I read that being a mother is like holding down two and half fulltime jobs.
“Taking care of children really is a full-time job; in fact, it’s two and a half, according to research which has found that the time mothers spend on parent-related tasks equates to a 98-hour working week.”
……98 HOURS A WEEK!!
No wonder then, when I asked a group of Mothers – what do Mothers want, what do we really need? – that many responded with:
“A day off.”
“Time off being mothers!!”
“To not always be the one in charge…to have someone to bear the load from time to time…a day/week/month off.”
We are the bosses. We are the directors, the managers, the creators, the production line and the cleaners. The ones making all the decisions throughout the day. If we make a mistake our appraisal is a harsh one. There are no uninterrupted tea breaks, we go to the toilet with an audience and our lunchtimes consist of left-over half eaten rice cakes. Plus, all of this is achieved and endured after having very little sleep.
We have been up all night with our babies who want to feed and cuddle, or to sooth our toddlers with a fever, or perhaps reassure our older children after a bad dream. In the middle of the night we tactically and with true stealth manage the full change of a bed. We are then up, just a few hours later, pouring coffee into our cereal and answering the door with our boobs out. We are to continue the day bleary eyed and foggy brained, but still require quick wit and a strong will to keep our small balls of energy cared for and entertained.
So, hang on, what is it that we need? Oh yes……
These comments from the collection of mothers I asked gives us a glimpse into the simple, but relevant things, that could help them thrive.
“Happy, healthy children. Closely followed by sleep, endless cups of tea, fat free chocolate, cleaner, more hours in the day. And so much more!”
“Someone to cook and bring me food.”
“Someone they can rely on to do stuff, without having to feel guilty about it. And someone to tell them (in a way they believe) that they’re doing a decent job and not f**ing everything up!”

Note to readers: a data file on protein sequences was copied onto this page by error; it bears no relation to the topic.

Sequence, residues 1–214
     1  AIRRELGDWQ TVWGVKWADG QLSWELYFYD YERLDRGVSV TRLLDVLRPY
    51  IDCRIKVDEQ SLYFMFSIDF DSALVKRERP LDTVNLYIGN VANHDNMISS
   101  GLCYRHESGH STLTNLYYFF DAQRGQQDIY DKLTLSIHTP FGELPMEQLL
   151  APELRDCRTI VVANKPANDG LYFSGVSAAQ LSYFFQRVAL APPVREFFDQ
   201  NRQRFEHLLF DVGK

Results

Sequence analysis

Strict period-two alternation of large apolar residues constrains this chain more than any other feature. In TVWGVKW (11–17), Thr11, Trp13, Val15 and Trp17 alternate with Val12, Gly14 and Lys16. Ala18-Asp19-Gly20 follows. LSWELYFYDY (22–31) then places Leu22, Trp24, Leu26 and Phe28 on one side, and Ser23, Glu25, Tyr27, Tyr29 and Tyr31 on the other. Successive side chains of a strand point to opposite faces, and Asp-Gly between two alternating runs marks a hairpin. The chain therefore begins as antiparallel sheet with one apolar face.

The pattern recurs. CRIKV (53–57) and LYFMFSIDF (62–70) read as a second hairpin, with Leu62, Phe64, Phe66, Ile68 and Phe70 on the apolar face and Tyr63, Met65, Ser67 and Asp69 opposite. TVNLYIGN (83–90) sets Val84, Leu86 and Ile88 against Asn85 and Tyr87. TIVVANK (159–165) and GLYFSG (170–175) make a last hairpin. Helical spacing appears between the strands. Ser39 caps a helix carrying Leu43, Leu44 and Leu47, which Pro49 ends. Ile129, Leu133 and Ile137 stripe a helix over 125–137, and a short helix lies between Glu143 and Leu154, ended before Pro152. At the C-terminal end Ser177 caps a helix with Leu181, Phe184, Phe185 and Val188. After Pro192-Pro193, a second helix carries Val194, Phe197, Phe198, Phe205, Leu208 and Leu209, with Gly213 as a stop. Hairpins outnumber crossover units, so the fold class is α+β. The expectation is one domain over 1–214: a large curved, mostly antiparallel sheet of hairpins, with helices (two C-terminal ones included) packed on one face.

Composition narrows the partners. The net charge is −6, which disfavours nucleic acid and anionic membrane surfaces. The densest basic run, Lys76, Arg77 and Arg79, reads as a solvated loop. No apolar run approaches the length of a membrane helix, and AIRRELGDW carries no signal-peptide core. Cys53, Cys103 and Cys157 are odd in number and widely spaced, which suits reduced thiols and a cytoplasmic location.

“Support. Whether it be from other parents, friends or family, having someone to talk to/ask questions/offer a helping hand is so so important. It can feel very isolating and scary being the one charged with keeping tiny humans alive, and support with it is so so precious.”
“I’d also like sleep, time to eat/shower undisturbed and a lot less of the guilt every parent feels about almost every decision they make!”
“Sleep, support and someone to help with housework!”
“Someone to look after the kids so that they can take care of themselves when they are really sick!”
“A power team to silently and efficiently do the ironing, hoovering, cleaning, paperwork and shopping, so that a parent’s time can be freed up for career, self-care and engaging in a fun way with the kids (who won’t be kids for long!).”
“Support from partner/husband and from family friends, a bit of TLC, to be told it’s ok to not be ok, a listening ear, a good giggle, coffee and lots of it, oh and some sleep would be amazing (16 months of very little has almost broken me!)”
“Someone to tell them it’s ok not to be perfect and that they need to do what’s right for them and their babies…….not what everyone else may tell them to do!”